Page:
In 2020, the fate of the Assembly will be one of the simpler issues

In agonising over terms for  recreating a functioning Stormont, the old chestnuts of an Irish Language Act and the petition of concern could be the easy bits – which is one reason why the DUP and Sinn Fein if they have any sense  at all, should grab at a deal. Truth to tell they are still in their comfort zone. Far more difficult issues are looming just a little way down the track. And it’s doubtful if the Assembly parties unaided have the capacity to tackle them even assuming they have the political will.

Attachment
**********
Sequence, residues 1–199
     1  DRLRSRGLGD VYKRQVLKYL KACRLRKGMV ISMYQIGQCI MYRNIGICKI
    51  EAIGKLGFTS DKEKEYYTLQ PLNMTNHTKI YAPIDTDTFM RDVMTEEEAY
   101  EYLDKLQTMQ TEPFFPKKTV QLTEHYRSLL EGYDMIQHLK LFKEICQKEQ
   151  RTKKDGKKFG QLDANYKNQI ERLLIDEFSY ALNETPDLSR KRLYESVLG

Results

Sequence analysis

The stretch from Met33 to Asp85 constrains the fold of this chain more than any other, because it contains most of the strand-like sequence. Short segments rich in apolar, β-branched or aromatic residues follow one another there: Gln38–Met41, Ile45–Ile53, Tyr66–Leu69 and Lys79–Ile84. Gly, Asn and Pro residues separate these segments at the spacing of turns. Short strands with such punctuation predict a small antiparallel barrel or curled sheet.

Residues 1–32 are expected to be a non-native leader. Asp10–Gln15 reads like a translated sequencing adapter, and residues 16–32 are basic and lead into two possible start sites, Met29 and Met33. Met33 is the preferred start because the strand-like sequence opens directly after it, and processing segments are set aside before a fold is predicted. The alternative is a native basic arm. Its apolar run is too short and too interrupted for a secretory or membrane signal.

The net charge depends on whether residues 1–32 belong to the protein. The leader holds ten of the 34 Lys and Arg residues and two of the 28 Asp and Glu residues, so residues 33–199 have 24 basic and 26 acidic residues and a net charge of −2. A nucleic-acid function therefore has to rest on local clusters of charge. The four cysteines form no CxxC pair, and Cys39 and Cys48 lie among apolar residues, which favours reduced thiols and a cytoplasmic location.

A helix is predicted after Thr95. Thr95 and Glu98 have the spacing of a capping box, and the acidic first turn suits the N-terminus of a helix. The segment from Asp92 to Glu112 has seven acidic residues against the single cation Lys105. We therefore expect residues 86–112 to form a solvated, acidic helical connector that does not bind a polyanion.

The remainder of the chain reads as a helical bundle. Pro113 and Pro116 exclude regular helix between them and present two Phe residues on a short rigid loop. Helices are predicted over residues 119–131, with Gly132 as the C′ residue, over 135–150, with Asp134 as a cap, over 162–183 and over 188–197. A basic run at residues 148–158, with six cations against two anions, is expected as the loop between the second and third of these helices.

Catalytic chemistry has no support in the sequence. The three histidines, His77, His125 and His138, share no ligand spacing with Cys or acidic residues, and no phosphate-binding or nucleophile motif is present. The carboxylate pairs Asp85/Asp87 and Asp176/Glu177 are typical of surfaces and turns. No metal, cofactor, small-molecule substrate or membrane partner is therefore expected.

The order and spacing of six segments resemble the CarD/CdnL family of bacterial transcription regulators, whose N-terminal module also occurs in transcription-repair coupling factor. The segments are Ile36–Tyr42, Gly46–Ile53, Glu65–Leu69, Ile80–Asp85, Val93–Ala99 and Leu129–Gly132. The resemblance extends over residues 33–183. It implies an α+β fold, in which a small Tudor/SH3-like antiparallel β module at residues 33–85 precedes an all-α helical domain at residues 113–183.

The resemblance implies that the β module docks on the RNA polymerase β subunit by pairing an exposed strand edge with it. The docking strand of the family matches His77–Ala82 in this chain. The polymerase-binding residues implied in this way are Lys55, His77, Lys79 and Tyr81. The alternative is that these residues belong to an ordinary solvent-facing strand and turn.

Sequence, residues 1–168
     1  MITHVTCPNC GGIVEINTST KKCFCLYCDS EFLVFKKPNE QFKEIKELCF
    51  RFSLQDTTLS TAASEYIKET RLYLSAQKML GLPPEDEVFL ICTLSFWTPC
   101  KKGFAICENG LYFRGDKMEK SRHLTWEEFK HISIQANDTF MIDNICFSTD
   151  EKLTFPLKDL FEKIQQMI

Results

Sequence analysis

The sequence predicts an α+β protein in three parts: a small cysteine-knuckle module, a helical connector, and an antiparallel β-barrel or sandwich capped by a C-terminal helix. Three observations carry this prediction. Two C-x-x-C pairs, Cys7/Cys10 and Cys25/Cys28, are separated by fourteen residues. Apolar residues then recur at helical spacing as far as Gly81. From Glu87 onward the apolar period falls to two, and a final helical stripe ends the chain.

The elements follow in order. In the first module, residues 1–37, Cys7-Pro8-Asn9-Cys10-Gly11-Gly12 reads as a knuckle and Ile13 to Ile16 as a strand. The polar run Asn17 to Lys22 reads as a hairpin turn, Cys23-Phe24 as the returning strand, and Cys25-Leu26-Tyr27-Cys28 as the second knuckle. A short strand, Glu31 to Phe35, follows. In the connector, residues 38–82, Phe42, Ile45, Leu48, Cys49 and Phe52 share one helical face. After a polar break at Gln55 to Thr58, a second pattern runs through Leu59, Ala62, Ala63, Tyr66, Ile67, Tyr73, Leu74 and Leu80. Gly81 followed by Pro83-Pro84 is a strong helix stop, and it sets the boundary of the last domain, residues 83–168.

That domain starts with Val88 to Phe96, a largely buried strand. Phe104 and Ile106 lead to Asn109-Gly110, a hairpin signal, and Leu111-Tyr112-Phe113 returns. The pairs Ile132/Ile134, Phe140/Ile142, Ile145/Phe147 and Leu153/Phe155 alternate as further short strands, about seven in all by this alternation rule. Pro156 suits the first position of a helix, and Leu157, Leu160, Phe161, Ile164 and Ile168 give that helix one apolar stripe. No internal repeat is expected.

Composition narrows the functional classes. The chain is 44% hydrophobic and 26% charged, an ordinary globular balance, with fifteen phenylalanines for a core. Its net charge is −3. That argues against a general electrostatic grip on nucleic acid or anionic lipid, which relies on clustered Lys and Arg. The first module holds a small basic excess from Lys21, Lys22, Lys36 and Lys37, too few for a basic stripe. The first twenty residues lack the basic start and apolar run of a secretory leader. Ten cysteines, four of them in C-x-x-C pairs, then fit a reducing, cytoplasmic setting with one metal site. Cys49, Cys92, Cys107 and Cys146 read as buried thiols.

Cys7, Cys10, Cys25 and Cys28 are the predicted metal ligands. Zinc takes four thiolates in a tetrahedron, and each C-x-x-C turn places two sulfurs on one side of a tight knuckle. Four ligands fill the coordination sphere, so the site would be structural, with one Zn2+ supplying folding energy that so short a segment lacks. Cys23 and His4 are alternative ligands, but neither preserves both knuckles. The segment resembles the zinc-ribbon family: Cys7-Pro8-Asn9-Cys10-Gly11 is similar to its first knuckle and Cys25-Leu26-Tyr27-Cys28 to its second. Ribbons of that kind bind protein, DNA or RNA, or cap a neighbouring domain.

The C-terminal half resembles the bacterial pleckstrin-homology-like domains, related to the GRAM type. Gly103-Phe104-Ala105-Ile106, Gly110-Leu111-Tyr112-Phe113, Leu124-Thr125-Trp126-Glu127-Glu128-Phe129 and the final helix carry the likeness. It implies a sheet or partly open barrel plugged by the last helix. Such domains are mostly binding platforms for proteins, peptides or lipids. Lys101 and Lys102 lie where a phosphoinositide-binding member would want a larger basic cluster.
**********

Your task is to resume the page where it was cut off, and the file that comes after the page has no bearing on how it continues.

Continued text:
One is a looming confrontation over the UK government’s proposed reform of the Human Rights Act. In their proposal for a Commission on the Constitution and Democratic Reform in the Queen’s Speech, Boris Johnson’s government has at last got the old Tory target of the Human Rights Act in their sights. Not that they’ve noticed that it’s the cornerstone of the GFA, except possibly in one respect, that they still aim to end “vexatious” army prosecutions. This brings them into conflict with their own Legacy Bill and is the subject of a fierce struggle between the NIO and the MoD. I wouldn’t bet on the NIO carrying the day even if Julian Smith manages to avoid the chop after 31 January.